(dailyRx News) With autumn right around the corner, flu season is lurking around the bend. Now is a good time to make plans to protect your family from the flu.
A recent report by pediatricians has made recommendations for prevention of flu this season. The report focuses on the importance of getting the flu vaccine and reviews the vaccines available.
There will be two new types of flu vaccines available this year. One will cover four different strains of the flu, more than any previous vaccines. Another is made without eggs, making it appropriate for those with egg allergies.
This report, authored by the Committee on Infectious Diseases led by Michael T. Brady, MD, updated recommendations for preventing and treating influenza for the 2013-2014 flu season.
The researchers primary recommendation for prevention is ensuring that everyone, including teens and children over 6 months old, get the annual flu vaccine.
During the 2012-2013 flu season, 154 children died from lab-confirmed flu. Most of these children had not been vaccinated against the flu.
"Among children hospitalized with influenza and for whom medical chart data were available, approximately 44 percent did not have any recorded underlying condition, whereas 23 percent had underlying asthma or reactive airway disease," the report noted.
Children who are at higher risk for complications of the flu should especially be sure to get the vaccine, the report stated. This includes children who were born preterm and children with chronic medical conditions such as asthma, diabetes, immunosuppression, developmental or neurological disorders or heart disease.
"Children younger than 2 years are at an increased risk of hospitalization and complications attributable to influenza," the report stated. "School-age children bear a large influenza disease burden and have a significantly higher chance of seeking influenza-related medical care compared with healthy adults."
All household members of families with children under 5 years old — especially babies under 6 months old — should be sure to get the vaccine as well, the authors of the report recommended.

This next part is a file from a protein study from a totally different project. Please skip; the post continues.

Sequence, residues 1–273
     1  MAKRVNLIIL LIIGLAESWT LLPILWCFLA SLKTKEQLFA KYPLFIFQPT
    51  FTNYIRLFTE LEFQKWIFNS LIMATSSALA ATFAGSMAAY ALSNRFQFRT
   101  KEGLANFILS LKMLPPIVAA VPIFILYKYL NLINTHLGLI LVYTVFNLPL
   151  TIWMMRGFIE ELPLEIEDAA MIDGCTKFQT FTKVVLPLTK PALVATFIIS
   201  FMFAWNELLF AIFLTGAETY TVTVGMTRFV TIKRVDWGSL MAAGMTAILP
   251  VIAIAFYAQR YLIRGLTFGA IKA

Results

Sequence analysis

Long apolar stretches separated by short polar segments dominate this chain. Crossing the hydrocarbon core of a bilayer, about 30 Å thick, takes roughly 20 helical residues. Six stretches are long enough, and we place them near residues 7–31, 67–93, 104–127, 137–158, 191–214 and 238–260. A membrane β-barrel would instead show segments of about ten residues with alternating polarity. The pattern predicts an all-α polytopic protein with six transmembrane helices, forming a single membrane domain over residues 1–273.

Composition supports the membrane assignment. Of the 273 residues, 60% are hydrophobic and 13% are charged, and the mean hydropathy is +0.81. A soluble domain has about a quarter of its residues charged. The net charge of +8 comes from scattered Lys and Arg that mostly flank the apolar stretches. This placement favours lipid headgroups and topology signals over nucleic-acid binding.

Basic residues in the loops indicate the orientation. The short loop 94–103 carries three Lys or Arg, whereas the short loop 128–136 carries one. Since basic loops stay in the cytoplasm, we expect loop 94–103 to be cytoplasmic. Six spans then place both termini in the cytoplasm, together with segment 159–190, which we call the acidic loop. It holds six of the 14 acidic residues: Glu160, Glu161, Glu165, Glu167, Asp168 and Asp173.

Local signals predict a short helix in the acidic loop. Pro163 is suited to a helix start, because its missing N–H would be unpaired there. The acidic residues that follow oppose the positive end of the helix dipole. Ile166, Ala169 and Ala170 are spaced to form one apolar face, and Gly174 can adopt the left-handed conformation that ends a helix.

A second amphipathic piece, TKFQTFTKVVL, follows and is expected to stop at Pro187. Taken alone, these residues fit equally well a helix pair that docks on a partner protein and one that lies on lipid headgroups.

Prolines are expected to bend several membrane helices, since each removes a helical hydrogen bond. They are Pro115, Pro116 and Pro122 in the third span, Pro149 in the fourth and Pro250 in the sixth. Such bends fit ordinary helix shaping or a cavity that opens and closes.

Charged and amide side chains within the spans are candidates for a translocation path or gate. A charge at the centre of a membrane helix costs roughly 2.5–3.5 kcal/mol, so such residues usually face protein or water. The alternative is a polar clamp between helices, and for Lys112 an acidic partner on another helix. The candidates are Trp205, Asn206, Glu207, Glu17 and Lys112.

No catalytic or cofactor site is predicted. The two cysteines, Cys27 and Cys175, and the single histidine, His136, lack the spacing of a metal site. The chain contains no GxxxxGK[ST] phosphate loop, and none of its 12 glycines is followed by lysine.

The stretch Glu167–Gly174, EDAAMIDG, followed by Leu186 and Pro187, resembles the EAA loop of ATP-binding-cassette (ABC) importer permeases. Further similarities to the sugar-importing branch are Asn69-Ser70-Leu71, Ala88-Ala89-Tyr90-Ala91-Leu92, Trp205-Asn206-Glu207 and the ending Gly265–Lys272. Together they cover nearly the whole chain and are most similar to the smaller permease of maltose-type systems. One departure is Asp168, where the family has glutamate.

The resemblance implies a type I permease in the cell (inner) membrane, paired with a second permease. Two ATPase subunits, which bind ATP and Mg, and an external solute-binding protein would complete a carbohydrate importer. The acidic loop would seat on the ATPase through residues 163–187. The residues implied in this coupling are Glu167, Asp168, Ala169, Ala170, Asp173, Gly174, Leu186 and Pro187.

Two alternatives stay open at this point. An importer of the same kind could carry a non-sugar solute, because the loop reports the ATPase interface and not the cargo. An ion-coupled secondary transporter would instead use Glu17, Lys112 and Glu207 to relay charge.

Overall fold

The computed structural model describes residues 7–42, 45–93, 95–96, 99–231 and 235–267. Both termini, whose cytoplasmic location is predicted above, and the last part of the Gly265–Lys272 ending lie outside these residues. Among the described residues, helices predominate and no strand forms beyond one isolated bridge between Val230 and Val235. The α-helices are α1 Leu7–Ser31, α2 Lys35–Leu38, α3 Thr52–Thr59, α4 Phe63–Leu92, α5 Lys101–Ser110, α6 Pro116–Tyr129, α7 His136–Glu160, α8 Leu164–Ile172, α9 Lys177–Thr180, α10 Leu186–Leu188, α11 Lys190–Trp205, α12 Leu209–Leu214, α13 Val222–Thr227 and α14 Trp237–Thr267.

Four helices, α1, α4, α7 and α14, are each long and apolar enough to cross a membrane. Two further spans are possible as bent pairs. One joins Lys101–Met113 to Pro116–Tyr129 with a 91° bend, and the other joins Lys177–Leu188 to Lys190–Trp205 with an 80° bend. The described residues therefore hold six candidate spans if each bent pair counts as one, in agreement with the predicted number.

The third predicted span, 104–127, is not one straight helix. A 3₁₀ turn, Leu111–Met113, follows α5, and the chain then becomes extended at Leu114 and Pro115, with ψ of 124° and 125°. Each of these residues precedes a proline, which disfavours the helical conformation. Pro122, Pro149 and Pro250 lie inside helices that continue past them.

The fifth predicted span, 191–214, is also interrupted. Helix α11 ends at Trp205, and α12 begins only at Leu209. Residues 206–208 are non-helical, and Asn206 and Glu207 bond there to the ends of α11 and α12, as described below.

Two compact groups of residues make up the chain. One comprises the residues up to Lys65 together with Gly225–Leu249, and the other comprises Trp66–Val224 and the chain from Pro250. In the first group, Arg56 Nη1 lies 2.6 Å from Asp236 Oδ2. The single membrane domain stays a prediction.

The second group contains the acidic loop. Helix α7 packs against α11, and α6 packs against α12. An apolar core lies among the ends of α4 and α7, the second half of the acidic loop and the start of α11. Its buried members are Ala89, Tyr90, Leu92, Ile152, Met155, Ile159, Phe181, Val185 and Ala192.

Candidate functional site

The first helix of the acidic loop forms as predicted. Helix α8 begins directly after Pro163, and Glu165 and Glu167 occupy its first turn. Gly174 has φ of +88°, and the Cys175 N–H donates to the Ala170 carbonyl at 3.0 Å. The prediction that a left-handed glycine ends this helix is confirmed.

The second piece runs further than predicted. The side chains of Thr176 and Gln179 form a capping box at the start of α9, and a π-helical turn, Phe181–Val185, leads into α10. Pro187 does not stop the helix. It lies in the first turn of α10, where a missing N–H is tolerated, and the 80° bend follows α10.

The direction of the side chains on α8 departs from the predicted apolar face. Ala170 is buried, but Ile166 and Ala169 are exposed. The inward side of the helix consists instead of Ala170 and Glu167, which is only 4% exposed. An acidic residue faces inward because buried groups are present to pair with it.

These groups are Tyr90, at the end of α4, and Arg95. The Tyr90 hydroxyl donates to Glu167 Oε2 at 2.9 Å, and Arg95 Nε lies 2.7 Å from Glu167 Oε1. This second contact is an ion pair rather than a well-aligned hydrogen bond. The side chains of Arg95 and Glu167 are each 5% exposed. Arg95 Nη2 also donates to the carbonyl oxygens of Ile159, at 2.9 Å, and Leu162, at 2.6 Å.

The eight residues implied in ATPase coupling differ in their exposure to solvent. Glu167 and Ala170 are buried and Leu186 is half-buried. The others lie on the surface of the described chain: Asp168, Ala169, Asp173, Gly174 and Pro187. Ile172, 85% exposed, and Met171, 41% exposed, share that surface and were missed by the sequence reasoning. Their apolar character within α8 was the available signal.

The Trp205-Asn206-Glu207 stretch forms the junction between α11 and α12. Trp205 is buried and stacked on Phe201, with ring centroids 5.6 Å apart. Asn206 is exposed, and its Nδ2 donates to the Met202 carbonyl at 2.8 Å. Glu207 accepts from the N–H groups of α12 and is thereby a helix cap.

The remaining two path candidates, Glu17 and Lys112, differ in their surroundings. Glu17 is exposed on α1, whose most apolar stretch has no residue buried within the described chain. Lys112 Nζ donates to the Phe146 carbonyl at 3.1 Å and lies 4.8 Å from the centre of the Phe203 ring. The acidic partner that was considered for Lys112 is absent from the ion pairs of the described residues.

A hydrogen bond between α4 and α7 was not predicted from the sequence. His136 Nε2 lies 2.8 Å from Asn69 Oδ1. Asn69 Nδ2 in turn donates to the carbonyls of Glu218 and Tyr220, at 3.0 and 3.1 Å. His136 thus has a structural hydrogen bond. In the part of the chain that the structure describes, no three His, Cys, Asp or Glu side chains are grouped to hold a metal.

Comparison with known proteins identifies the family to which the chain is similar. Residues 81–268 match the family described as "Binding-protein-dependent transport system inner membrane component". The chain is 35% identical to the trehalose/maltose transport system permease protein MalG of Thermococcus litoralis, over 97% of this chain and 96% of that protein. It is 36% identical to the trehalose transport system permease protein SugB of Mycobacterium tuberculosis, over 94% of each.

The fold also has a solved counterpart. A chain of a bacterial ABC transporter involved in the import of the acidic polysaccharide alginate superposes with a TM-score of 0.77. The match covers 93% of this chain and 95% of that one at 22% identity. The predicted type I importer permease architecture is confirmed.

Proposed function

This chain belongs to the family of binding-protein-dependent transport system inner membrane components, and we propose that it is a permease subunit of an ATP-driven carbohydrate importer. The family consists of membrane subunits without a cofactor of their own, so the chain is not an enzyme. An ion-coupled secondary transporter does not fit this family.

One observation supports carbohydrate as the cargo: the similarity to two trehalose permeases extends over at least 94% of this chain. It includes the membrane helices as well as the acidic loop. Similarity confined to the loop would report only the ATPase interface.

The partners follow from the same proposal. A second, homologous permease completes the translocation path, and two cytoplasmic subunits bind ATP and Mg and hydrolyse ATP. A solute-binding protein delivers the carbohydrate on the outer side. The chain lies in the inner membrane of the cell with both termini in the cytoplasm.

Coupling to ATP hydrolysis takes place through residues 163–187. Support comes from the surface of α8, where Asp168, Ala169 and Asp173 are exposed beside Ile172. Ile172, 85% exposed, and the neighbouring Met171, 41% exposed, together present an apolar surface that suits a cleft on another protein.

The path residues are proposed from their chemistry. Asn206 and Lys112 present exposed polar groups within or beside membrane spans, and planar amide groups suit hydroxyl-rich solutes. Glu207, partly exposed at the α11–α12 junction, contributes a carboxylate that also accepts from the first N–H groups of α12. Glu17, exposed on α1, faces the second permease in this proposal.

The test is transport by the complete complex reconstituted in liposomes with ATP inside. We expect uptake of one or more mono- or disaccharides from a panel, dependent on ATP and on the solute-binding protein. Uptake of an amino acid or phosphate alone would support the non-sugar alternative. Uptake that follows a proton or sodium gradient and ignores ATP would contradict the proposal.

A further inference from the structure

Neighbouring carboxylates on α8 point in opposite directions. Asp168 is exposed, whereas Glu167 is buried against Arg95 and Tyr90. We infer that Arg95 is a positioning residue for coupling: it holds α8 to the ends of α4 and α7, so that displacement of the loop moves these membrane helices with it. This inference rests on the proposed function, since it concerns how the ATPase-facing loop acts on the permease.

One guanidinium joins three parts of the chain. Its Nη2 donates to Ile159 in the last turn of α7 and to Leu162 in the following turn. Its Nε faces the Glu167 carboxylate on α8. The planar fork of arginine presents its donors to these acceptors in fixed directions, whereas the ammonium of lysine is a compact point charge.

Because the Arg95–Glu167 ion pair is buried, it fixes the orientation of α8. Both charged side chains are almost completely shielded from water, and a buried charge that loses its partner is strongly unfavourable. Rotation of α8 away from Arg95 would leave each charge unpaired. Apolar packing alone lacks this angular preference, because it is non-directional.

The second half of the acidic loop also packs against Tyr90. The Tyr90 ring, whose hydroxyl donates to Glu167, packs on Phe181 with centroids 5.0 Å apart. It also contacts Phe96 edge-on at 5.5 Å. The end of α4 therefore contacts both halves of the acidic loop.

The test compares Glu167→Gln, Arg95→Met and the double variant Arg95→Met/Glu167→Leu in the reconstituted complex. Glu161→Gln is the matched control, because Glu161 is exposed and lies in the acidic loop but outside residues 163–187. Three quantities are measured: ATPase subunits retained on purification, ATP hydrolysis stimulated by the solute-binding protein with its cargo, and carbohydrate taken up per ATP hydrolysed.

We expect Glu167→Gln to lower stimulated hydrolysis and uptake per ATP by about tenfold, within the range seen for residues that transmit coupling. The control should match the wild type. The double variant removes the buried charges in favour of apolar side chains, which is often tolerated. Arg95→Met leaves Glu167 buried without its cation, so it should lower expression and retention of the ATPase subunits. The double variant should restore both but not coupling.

"In the United States, more than two-thirds of children younger than 6 years and almost all children 6 years and older spend significant time in child care and school settings outside the home," the report noted. "Exposure to groups of children increases the risk of contracting infectious diseases."
During the 2013-2014 season, two types of flu vaccines will be available.
The trivalent vaccine protects against three strains of the flu virus, and the quadrivalent vaccine protects against four strains of the flu virus.
In addition, two new trivalent vaccines will be available that do not use eggs in manufacturing and are therefore appropriate for individuals with egg allergies.
The injectable vaccines are "inactivated" vaccines, which means there is no live virus in the vaccines.
The most common side effects after this vaccine are pain and tenderness at the injection site.
About 10 to 35 percent of children under age 2 may develop a mild fever within a day of receiving the vaccine, but fevers in older children and adults are rare.
Other possible but less common side effects include nausea, tiredness, headache, muscle aches and chills.
The nasal spray vaccine, available only as a quadrivalent vaccine, will be a "live-attenuated" virus vaccine, which means it contains a live virus that has been weakened.
The nasal spray vaccine is not recommended for children under age 2 and those who have underlying medical conditions or a history of wheezing.
It is also not recommended for children with a current fever, who are taking aspirin or who have had another live vaccine within the previous month.
Pregnant women or women attempting to conceive should also not receive the live-virus flu vaccine.
The recommended medication to treat influenza, the report noted, is oseltamivir, which goes by the brand name Tamiflu.
An alternative medication is zanamivir, which goes by the brand name Relenza.
The report was published September 2 in the journal Pediatrics. The report was internally funded. No conflicts of interest were noted.